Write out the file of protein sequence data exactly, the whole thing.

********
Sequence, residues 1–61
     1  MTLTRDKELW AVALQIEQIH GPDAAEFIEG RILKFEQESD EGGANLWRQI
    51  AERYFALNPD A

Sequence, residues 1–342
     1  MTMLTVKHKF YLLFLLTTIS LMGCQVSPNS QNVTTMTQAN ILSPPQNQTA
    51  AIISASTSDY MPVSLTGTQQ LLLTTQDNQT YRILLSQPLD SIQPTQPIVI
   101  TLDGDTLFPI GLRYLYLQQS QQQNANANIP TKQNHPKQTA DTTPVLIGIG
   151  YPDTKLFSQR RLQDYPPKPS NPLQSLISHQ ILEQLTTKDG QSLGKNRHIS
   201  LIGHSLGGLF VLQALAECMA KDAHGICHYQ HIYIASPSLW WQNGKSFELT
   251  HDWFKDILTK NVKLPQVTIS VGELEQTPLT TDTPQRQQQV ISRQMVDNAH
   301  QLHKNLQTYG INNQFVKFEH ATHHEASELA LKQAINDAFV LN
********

Sequence, residues 1–61
     1  MTLTRDKELW AVALQIEQIH GPDAAEFIEG RILKFEQESD EGGANLWRQI
    51  AERYFALNPD A

Sequence, residues 1–342
     1  MTMLTVKHKF YLLFLLTTIS LMGCQVSPNS QNVTTMTQAN ILSPPQNQTA
    51  AIISASTSDY MPVSLTGTQQ LLLTTQDNQT YRILLSQPLD SIQPTQPIVI
   101  TLDGDTLFPI GLRYLYLQQS QQQNANANIP TKQNHPKQTA DTTPVLIGIG
   151  YPDTKLFSQR RLQDYPPKPS NPLQSLISHQ ILEQLTTKDG QSLGKNRHIS
   201  LIGHSLGGLF VLQALAECMA KDAHGICHYQ HIYIASPSLW WQNGKSFELT
   251  HDWFKDILTK NVKLPQVTIS VGELEQTPLT TDTPQRQQQV ISRQMVDNAH
   301  QLHKNLQTYG INNQFVKFEH ATHHEASELA LKQAINDAFV LN